How to find the right business bank to help you thrive in any economy

Emily Ruvulcaba, Executive Vice President, Division Manager for Corporate Banking, Bridge Bank

Typically when businesses think of their bank, they think only about loans and access to credit. But there is much more your bank can be doing for you, says Emily Ruvalcaba, executive vice president, division manager for corporate banking, at Bridge Bank.

“Of equal importance is working with your bank to focus on the cash management side of your business,” says Ruvalcaba. “Do you have the right deposit accounts, and are your cash balances working for you to the best extent that they can? Are payments being made and receivables being collected through electronic means? If your business transacts internationally, are you able to negotiate in multiple foreign currencies?  Businesses need a banking partner that will advise them on the right products that will help to improve cash-flow and their bottom line.”

Smart Business spoke with Ruvalcaba about how to find the right banking partner and how to make the most of that relationship.

If a business is looking for a new banking partner, where should it start?

Look to your trusted advisers, such as your attorney, insurance agent or CPA, to refer you to a bank with the expertise that your business requires. Professionals such as CPAs have relationships with many banks, and they’re likely to refer you to those that can provide your business with the best service possible. When you share common professional relationships with your bank, you become part of a business community that is focused on referring only the best service providers.

Plus, someone such as your CPA knows your business, and will be familiar with your company’s banking needs. That person knows the products and services you have with your existing bank and is in a position to refer you to the business bank — and the banker — that can better meet your needs.

Finally, don’t choose a bank just because it may be located near your office. In today’s virtual world, you can do your banking from anywhere: make deposits from your office using remote deposit capture, transfer funds, make payments, send wires, approve payroll — all can be done using online banking. Choosing the right bank and the right banker is too important a decision to be based solely on physical proximity.

Once a bank has been identified as a potential partner, what questions should a business owner ask to make sure it’s the right choice?

Ask how well that bank and its bankers get to know clients. Do they visit their clients to understand how their business operates? The business owner should also ask if the bank has experience working with similar types of companies. Ask who will be handling your account on a day-to-day basis. Will you have a banker or a team of bankers that is going to be consistent, or are you going to be calling an unfamiliar representative through an 800 number?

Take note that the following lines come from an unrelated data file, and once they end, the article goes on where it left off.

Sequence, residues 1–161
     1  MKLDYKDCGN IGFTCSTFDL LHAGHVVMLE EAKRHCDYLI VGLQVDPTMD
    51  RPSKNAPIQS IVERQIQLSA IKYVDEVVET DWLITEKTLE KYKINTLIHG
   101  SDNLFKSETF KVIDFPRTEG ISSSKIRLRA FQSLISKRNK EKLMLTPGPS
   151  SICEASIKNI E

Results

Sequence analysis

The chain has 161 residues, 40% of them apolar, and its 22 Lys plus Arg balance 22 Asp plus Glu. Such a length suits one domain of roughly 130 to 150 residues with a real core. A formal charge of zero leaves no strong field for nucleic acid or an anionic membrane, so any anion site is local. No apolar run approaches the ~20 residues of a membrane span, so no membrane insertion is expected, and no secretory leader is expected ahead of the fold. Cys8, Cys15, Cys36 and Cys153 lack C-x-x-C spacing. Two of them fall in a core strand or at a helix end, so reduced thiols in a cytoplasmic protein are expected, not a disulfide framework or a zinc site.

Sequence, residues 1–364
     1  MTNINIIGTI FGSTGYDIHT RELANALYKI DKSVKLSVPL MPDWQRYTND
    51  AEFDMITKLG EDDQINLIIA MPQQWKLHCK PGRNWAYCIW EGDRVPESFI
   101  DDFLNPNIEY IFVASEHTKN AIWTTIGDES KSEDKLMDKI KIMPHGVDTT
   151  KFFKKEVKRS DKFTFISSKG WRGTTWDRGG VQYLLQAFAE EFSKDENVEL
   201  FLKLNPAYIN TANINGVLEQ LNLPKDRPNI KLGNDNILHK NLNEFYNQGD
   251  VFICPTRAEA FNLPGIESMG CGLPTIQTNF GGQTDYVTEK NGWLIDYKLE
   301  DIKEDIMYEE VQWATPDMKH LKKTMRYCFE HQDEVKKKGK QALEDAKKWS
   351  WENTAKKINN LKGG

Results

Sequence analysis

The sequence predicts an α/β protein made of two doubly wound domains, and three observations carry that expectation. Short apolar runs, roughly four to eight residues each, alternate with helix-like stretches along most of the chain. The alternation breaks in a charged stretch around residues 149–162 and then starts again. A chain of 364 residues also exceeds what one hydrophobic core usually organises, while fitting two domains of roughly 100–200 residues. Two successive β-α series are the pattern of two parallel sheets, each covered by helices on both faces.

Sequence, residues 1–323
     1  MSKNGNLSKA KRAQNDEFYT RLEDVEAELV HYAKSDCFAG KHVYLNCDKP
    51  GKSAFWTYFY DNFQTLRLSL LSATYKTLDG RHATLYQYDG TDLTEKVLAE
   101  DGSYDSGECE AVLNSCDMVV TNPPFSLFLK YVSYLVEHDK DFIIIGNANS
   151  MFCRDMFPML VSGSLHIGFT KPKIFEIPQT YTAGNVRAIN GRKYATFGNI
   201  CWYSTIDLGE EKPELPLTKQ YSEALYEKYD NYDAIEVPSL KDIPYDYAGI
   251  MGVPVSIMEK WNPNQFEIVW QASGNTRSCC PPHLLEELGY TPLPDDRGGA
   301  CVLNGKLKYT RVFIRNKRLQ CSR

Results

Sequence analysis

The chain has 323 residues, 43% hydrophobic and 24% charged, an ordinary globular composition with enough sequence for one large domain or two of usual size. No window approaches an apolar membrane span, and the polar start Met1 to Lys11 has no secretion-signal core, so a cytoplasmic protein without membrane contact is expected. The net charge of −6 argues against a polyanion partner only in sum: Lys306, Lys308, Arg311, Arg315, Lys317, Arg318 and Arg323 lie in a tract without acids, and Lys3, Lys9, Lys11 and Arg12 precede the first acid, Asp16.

Ask how often they expect to meet with you, because a bank that gets to know its clients is going to be able to provide a higher level of service. More important, if challenges arise within the company, the bank is less likely to overreact and it will be more willing to work with you, but that can only happen if a solid relationship has been built. For example, if a company that has borrowed from the bank is growing rapidly and its leverage increases to a level higher than was set through the loan covenants, the bank will be in a better position to show flexibility and a willingness to work through such issues.

By building a strong relationship and understanding your company’s operations, your banker will be better equipped to find ways to accommodate unforeseen circumstances.

Should business owners share the potential for bad times with their banker?

Absolutely. For example, if you know that your business is going to have a challenging quarter and may have trouble meeting loan covenants, it’s a great idea to pick up the phone and talk to your banker.

Bankers don’t like to be surprised with negative news. You’re going to have to deal with the issue eventually, and the more proactive you can be, the better that relationship will be and the more that bank is going to work to be your advocate.

How can your banker help your business in other ways?

Sometimes business owners are so focused on growing their business that they don’t realize the full extent of banking products that their bank can offer. Sit down with your banker and say, ‘This is how I run my business; are there any other banking services that my company can benefit from?’

It’s also a good idea to bring in your banker when you’re doing tax planning with your CPA at year-end, especially if the company is projecting growth. As you’re planning for the next period, your CPA and banker can work together to ensure that adequate financing will be available to support your goals.

Emily Ruvalcaba is executive vice president, division manager for corporate banking, at Bridge Bank. Reach her at (408) 556-8327 or [email protected]